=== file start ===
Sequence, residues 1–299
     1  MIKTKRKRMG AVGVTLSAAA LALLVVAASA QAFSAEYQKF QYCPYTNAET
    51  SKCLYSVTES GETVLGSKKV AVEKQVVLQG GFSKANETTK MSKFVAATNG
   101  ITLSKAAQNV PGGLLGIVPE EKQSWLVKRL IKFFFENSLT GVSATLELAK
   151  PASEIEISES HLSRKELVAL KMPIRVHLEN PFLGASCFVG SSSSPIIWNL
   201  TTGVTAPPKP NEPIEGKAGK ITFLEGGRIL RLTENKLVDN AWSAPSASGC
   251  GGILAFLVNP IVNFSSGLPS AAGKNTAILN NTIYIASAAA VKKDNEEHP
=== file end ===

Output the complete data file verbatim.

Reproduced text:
Sequence, residues 1–299
     1  MIKTKRKRMG AVGVTLSAAA LALLVVAASA QAFSAEYQKF QYCPYTNAET
    51  SKCLYSVTES GETVLGSKKV AVEKQVVLQG GFSKANETTK MSKFVAATNG
   101  ITLSKAAQNV PGGLLGIVPE EKQSWLVKRL IKFFFENSLT GVSATLELAK
   151  PASEIEISES HLSRKELVAL KMPIRVHLEN PFLGASCFVG SSSSPIIWNL
   201  TTGVTAPPKP NEPIEGKAGK ITFLEGGRIL RLTENKLVDN AWSAPSASGC
   251  GGILAFLVNP IVNFSSGLPS AAGKNTAILN NTIYIASAAA VKKDNEEHP